How To Troubleshoot Your Computer Hardware
There could be many reasons why you'd want to troubleshoot your computer, well, one
actually and that's because something is not working right. The process of troubleshooting
is something you learn after working for a long time with computers. Often enough when
there's a problem, nothing is going to explicitly tell you what is causing the problem and
how you can fix it.
By taking logical steps and walking through the process of troubleshooting you should
be able to solve almost any computer problem, software or hardware related. It involves
identifying the problem(s), finding the cause of that problem, determining the solution,
executing that solution, and testing and checking that solution to see if it solves your problem.
As an example let's say one day while using your computer the screen suddenly turns all
black and you can't see anything. We found a problem now what would be the first step to
take to fix it?
First check to see if the monitor is on and is receiving power, most monitors when they
have power, but no connection or connection problems with the computer will display a
message that says this monitor is working, but make sure you check your cables.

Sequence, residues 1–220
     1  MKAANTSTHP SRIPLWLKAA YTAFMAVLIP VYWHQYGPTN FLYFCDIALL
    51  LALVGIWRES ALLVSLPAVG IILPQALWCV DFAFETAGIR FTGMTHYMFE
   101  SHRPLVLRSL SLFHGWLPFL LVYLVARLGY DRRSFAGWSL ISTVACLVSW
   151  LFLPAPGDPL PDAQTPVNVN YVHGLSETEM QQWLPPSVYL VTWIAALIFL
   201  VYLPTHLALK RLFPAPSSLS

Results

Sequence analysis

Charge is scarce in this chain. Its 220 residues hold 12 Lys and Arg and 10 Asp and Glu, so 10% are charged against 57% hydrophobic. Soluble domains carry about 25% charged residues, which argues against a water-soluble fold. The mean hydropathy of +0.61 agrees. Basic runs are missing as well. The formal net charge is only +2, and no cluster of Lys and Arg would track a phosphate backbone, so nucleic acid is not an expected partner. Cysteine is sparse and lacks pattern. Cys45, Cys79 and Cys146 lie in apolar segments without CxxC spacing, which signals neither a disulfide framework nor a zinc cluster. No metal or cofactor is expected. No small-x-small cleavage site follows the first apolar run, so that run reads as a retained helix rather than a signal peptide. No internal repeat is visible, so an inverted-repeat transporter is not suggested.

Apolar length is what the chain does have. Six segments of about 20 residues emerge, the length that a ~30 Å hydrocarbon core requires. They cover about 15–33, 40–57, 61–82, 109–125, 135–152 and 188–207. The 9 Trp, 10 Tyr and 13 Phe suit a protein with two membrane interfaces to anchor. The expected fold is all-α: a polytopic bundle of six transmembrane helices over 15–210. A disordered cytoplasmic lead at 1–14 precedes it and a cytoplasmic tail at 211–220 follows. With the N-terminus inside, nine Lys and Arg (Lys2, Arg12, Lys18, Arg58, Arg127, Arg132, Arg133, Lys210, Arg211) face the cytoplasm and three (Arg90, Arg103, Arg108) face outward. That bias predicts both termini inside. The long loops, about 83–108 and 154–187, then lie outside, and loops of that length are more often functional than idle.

So the next logical step to take would be to check the cable to make sure it is
properly connected and secured to the VGA slot behind your computer case and to make sure
the monitor cable is plugged into the monitor.
Now, here's where you have to decide what would be the next best course of action to
take. you could either swap out your monitor with another monitor that you know is working
to see if the problem is the monitor itself and nothing else or you can try to see if the
problem is your graphics card.
If your replacement monitor works, good, then you know your culprit is a bad monitor
and you'll most likely have to get a new one, because monitors are dangerous and too
If the replacement monitor you used shows up a black screen as well, the next thing you'd
do is check to make sure the graphics card is properly seated in the motherboard, if it is
and the display is still not showing up, then swap out the graphics card to see if your
problem is fixed.
Generally there are only so many steps you can take before you solve the problem and
everything is back in order. Make sure that before you start testing and swapping out
parts that the problem wasn't caused by you changing a software setting in Windows or some
ambiguous option in the motherboard's BIOS that causes your problem.